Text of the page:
Wednesday, March 24, 2010

Moenjo-daro (Mound of the Dead), An Ancient Indus Valley Metropolis

So-called "Priest King" statue, Mohe...

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The name of Mohenjo-daro is widely recognized as one of the most important early cities of South Asia and the Indus Civilization and yet most publications rarely provide more than a cursory overview of this important site.
Mohenjo-daro (Urdu: موئن جودڑو, Sindhi: موئن جو دڙو, English: Mound of the dead)—a city of the Indus Valley Civilization built around 2600 B.C.E., located in the Sindh Province of Pakistan. That ancient 5,000–year–old city constitutes the largest of Indus Valley, widely recognized as one of the most important early cities of South Asia and the Indus Valley Civilization. Mohenjo Daro, one of the world’s first cities and contemporaneous with ancient Egyptian and Mesopotamian civilizations, has been sometimes referred to as "An Ancient Indus Valley Metropolis."

Discovery and Major Excavations

Mohenjo Daro, built around 2600, had been abandoned around 1700 B.C.E.. Sir John Marshall's archaeologists rediscovered it in the 1920s. His car, still in the Mohenjo-daro museum, shows his presence, struggle, and dedication for Mohenjo-daro. Ahmad Hasan Dani and Mortimer Wheeler carried out further excavations in 1945. Mohenjo-daro in ancient times had been most likely the administrative center of the ancient Indus Valley Civilization. The most developed and advanced city in South Asia during its peak, Mohenjo-daro's planning and engineering showed the importance of the city to the people of the Indus valley.

 

                                Well at Mohenjo Daro

History: The Mohenjo-daro ruins had been once the center of this ancient society. At its peak, some archaeologists opine that the Indus Civilization may have had a population of well over five million. To date, over 1,000 cities and settlements have been found, mainly in the Indus River valley in Pakistan and north western India. Anthropologists have yet to decipher the language of the Indus Civilization, and the real name of the city as of other excavated cities in Sindh, Punjab and Gujarat, remains unknown. Mohenjo-Daro, 25 km southwest of Larkana, had been the center of the Indus Valley Civilization 2600 B.C.E.-1700 B.C.E.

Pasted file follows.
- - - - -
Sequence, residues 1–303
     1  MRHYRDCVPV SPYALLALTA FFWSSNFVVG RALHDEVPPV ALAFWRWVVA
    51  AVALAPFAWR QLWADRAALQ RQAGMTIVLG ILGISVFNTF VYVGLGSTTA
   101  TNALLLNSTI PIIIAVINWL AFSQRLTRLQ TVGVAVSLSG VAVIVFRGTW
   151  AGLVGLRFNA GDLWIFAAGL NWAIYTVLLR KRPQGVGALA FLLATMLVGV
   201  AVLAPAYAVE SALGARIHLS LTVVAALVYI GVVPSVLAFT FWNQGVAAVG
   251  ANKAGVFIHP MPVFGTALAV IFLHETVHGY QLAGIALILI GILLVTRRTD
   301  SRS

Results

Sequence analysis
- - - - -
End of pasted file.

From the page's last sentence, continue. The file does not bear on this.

Mohenjo-daro had been a remarkable construction, considering its antiquity. It has a planned layout based on a grid of streets, laid out in perfect patterns. At its height the city probably had around 35,000 residents. The buildings of the city, of particularly advanced designed, had structures constructed of same-sized sun dried bricks of baked mud and burned wood. The public buildings of those cities also suggest a high degree of social organization.

Covered Drain emptying down slope on major street leading to the Great Bath.

The great granary at Mohenjo-daro, designed with bays, received carts delivering crops from the countryside. Ducts exist for air to circulate beneath the stored grain to dry it. Close to the granary, a building similarly civic in nature stands: a great public bath, with steps down to a brick-lined pool in a colonnaded courtyard. The elaborate bath area had been extremely well built, with a layer of natural tar to keep it from leaking, and in the center stood the pool. Measuring 12m x 7m, with a depth of 2.4m, the pool had been likely used for religious or spiritual ceremonies.

Inuds STreet Mohenjodaro

Looking north along First Street. The area to the left has been fully excavated and the area to the right is unexcavated. Later street levels are seen in the background.

The houses had been designed and constructed to protect inhabitants from noise, odors, and thieves. That urban plan included the world's first urban sanitation systems. Within the city, individual homes or groups of homes obtained water from wells. Some of the houses included rooms that appear to have been set aside for bathing, waste water diverted to covered drains, which lined the major streets. Houses opened only to inner courtyards and smaller lanes. A variety of buildings stood up to two stories high. Being an agricultural city, it featured a large well, and central marketplace. It had a building with an underground furnace (hypocaust), possibly for heated bathing.

view of the city

Sewage system used in Mohen jo daro

Artifacts

"The Dancing girl" artifact found in Mohenjo Daro

"The Dancing girl" artifact found in Mohenjo Daro”

A clay toy from Mohenjodaro

A clay toy from Mohenjodaro

The Dancing girl found in Mohenjo Daro constitutes an interesting artifact some 4500-years old. The 10.8 cm long bronze statue of the dancing girl, found in 1926 from a house in Mohenjo Daro, had been British archaeologist Mortimer Wheeler's favorite statuette, as he said in this quote from a 1973 television program:

"There is her little Baluchi-style face with pouting lips and insolent look in the eye. She's about fifteen years old I should think, not more, but she stands there with bangles all the way up her arm and nothing else on. A girl perfectly, for the moment, perfectly confident of herself and the world. There's nothing like her, I think, in the world."

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1 comment:

  1. I tried to see your profile but couldn't find it. So please do tell us about yourself. Its a dream come true to find our proud heritage on the net.

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